Alloy Sheet Imports Sparked Off Material Injuries to U.S.Producers
The U.S. International Trade Commission (USITC) determined that the unfairly traded imports of common alloy sheets from China have caused material injuries to U.S. producers. The unanimous decision was announced in conclusion of the investigations initiated by the U.S. Department of Commerce (DOC) in November last year. Following the decision, the DOC is likely to impose AD duties ranging from 49.85% to 59.72% and CVD duties from 46.48% to 116.49%.
Heidi Brock, President & CEO, Aluminum Association stated that the unanimous decision by the USITC provides much-needed certainty and confidence to U.S. common alloy sheet producers. Commending the work by USITC and DOC, Brock noted that imposition of duties will foster the growth of domestic aluminum industry in the country, thereby boosting further investments in the sector, which in turn may lead to creation of more jobs.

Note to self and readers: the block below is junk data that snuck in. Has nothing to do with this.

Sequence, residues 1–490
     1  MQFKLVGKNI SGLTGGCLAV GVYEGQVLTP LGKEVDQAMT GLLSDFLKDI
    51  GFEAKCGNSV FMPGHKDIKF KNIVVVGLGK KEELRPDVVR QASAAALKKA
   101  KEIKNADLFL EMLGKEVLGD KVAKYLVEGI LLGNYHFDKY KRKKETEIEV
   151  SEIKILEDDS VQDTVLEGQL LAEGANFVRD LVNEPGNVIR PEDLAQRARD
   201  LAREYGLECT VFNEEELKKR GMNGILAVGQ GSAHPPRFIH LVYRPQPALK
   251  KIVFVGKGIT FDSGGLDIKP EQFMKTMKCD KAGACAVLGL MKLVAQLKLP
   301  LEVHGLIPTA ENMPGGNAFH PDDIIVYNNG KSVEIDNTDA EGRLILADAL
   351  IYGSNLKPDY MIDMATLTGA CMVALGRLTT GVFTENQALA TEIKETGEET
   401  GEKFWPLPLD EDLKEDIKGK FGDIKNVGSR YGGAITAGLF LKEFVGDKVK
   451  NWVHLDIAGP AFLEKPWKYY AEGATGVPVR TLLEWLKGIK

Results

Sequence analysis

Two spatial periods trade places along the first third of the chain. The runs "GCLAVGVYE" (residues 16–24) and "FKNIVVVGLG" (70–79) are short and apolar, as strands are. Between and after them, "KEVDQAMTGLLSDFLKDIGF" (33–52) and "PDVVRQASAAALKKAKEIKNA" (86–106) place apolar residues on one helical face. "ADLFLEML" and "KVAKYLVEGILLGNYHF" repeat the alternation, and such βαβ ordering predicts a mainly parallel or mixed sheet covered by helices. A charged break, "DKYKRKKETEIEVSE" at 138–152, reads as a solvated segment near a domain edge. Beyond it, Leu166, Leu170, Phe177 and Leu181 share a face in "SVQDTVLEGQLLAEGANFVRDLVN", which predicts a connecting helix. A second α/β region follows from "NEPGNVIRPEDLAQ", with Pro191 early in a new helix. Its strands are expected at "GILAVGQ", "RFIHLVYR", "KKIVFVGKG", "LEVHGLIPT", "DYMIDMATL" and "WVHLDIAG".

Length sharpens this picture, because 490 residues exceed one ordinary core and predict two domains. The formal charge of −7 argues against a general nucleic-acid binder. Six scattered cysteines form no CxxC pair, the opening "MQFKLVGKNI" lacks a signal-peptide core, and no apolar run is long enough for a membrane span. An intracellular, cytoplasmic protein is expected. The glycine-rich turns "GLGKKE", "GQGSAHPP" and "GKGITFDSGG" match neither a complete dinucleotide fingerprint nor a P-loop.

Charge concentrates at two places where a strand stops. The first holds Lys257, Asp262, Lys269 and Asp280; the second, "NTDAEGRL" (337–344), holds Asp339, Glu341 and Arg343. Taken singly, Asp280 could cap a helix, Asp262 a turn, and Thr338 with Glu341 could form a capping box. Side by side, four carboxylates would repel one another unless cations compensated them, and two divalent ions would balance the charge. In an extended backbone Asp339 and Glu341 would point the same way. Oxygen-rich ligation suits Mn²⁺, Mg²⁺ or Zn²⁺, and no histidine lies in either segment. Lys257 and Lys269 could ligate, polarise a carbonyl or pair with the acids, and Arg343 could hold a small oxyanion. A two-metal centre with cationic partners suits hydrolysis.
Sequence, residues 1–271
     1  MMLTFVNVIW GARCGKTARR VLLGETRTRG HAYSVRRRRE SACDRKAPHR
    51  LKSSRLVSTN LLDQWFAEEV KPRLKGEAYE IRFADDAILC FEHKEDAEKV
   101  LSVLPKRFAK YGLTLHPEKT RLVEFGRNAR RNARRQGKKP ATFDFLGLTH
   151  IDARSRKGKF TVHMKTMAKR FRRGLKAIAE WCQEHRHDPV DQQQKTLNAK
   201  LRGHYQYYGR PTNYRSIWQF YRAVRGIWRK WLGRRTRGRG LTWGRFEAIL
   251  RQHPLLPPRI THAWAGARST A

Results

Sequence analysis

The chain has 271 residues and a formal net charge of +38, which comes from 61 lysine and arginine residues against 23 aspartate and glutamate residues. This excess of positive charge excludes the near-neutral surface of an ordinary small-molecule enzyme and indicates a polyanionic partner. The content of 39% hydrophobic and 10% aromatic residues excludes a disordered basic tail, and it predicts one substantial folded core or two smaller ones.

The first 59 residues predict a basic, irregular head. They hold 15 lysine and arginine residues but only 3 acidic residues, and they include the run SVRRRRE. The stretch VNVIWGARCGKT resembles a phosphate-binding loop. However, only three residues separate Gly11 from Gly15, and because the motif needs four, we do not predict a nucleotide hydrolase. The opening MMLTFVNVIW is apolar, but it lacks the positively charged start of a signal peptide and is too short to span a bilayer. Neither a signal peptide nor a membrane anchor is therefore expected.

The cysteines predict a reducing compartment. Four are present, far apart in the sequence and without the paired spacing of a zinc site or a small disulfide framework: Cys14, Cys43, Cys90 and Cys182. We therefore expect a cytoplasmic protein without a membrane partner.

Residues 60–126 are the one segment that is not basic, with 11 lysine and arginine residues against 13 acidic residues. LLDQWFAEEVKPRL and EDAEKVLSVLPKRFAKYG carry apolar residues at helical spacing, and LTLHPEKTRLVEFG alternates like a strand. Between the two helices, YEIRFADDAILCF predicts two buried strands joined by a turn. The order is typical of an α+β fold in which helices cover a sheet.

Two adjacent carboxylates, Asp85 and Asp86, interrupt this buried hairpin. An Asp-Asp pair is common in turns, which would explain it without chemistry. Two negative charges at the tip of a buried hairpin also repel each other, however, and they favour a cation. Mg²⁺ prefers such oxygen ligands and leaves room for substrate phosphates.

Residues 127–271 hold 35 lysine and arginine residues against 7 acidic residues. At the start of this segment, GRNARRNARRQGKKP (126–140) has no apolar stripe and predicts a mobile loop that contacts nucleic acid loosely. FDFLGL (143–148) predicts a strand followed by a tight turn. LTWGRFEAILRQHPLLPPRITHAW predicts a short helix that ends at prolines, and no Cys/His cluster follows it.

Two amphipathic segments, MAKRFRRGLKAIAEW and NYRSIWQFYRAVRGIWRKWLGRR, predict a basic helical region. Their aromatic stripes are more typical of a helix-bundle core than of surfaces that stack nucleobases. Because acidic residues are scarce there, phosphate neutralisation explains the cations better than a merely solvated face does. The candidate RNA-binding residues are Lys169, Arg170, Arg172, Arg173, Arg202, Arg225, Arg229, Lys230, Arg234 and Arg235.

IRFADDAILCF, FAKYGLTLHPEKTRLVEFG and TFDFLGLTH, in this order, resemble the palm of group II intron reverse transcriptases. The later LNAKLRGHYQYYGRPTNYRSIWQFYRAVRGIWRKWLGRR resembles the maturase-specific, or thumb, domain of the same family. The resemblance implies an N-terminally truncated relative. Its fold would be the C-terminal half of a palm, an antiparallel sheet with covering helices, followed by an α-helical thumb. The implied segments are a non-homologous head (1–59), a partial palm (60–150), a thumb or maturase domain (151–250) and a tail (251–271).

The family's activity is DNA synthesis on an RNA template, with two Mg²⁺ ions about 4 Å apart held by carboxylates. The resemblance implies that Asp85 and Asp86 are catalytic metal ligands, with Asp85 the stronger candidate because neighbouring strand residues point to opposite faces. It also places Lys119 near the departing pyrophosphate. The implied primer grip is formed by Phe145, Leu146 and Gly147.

Ass per data, China accounted for almost 40% of the total U.S. imports of common alloy aluminum sheet in 2017. The country was the single largest supplier of these products to the U.S. In between 2015 and 2017, the imports from China have surged higher by 32%. Over the past decade, the imports have skyrocketed by over 730%. It must be noted that the imports have witnessed considerable decline since Commerce Department’s preliminary determinations in April and June this year.